Green Cities Initiative gains momentum in helping cities increase the well-being of inhabitants

FAO marks two years of supporting efforts to make urban and peri-urban areas healthier and more sustainable

©FAO/Ami Vitale

FAO's Green Cities Initiative aims to help cities to improve their resilience and the well-being of urban and peri-urban populations.

©FAO/Ami Vitale


Rome – The Food and Agriculture Organization of the United Nations (FAO) took stock of its Green Cities Initiative on Wednesday with the Green Cities Initiative 2nd Year Anniversary Event: Supporting Cities to be Greener.

In 2020, in line with the Sustainable Development Goals (SDGs), FAO launched the Green Cities Initiative to help small, intermediary and metropolitan cities to improve their resilience and the well-being of urban and peri-urban populations.

It aims to increase people’s well-being through better access to improved products and services provided by urban and peri-urban forestry, agriculture and food systems on a sustainable basis.

"Greening cities – whether small or very large – will deliver benefits across the entire sustainable development agenda," QU Dongyu, the FAO Director-General, told the event. 

Participants included Maimunah Mohd Sharif, UN-Habitat Executive Director, Souad Ben Abderrahim, Mayor of Tunis, Tunisia, and Aloke Barnwal, Coordinator, Sustainable Cities Program, Global Environment Facility.

Rethinking cities

Since 2007, a majority of the world's people has lived in urban areas, and this is projected to rise to two-thirds by 2050. Cities heavily contribute to climate change by using about 70 per cent of the global food supply and 80 percent of the world’s energy, and by producing 70 percent of global waste and 60 percent of greenhouse gases.

By integrating agriculture, forestry, and food systems into urban policy, planning and action, cities can: increase food security and access to green spaces for all; improve public health, nutrition, air quality, and resilience to extreme weather events; improve the local economy and creation of green jobs; better mitigate risks from multiple shocks (climate change, economic, pandemic); and reduce the ecological footprint.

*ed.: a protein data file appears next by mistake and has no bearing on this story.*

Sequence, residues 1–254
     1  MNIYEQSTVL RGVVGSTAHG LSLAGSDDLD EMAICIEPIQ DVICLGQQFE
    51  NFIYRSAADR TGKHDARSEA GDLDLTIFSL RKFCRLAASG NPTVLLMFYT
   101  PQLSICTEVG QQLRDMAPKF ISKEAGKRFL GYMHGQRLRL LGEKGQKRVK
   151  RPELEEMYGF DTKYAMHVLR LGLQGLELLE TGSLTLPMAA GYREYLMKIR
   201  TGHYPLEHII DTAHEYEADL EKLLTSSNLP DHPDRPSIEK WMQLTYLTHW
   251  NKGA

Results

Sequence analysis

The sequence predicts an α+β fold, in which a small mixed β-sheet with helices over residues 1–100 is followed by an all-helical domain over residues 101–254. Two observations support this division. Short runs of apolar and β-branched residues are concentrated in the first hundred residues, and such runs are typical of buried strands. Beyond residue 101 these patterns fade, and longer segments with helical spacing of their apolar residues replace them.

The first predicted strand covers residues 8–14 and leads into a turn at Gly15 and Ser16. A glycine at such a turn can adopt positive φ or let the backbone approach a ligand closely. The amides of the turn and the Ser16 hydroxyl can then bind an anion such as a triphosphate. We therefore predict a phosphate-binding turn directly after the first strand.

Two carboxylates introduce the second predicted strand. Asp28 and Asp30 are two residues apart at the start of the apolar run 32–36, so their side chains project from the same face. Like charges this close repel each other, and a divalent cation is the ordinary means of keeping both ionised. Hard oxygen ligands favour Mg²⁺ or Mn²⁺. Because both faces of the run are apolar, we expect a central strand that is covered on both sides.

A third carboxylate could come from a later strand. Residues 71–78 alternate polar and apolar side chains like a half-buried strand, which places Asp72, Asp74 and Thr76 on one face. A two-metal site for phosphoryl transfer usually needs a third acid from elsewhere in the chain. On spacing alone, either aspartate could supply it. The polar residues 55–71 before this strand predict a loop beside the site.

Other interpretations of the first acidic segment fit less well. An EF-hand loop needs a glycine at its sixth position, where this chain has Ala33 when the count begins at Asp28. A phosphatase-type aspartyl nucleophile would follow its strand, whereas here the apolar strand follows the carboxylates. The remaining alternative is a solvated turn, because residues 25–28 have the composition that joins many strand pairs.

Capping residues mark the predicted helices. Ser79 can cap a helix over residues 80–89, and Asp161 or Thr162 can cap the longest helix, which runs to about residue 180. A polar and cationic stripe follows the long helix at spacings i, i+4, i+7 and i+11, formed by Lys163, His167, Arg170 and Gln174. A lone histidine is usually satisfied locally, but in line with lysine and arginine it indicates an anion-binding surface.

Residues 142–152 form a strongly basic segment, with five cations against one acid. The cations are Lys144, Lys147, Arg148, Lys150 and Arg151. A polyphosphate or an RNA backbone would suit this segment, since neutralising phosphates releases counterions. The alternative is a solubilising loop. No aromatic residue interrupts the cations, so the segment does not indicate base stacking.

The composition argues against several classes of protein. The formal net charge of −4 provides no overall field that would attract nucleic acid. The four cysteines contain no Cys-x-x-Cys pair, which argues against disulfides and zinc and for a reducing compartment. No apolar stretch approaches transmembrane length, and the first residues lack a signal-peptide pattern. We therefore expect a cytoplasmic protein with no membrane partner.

The Director-General pointed out that local governments are at the centre for delivering a large part of the wins from greening cities. He added that is why FAO along with its Members, UN HABITAT, the Global Environment Facility and many other partners support local and sub-national governments through this initiative.

FAO has already laid the groundwork for change, Qu said. New partnerships have been set up and existing ones have been expanded. Through the Initiative, FAO is engaged in 80 cities around the world. Twelve African cities have benefited from training on integrating urban agrifood systems and forestry into urban planning, for example. 

More to be done

Qu praised those involved for the progress made so far but added that more must be done.

"Local governments need increased support to develop concrete, inclusive, innovative solutions for day-to-day problems,” Qu said. “They need support to address urban sprawl, which continues to eat into productive land and natural ecosystems that are crucial for adapting to climate change.”

Qu told mayors that they have a key role to play in their cities through better land use planning and developing multifunctional agrifood systems. He also stressed the need for national frameworks that encourage cities to promote sustainable urban and peri-urban agriculture, forestry and agrifood systems. The Director-General also underlined the importance of policy coherence at all levels. 

"Cities are the present and the future, narrowing the inequality gaps,” Qu said. “We need to make them more efficient, more inclusive, more resilient and more sustainable, in harmony with nature and rural communities and also even across borders.”

Wednesday’s event included a panel discussion involving participants from Europe, Asia and Africa titled Green Cities in action – achievements in 2021/2022. Manuel De Araújo, Mayor of Quelimane, Mozambique, Souad Ben Abderrahim, Mayor of Tunis, Tunisia, Matteo Lepore, Mayor of Bologna, Italy, Njoroge Muchiri, Deputy Governor of Nairobi City County, Kenya, and Subram Ramaswamy, Senior adviser of the Mayor of Colombo, Sri Lanka, took part.


Sean Sampson FAO News and Media (Rome) [email protected]

FAO News and Media (+39) 06 570 53625 [email protected]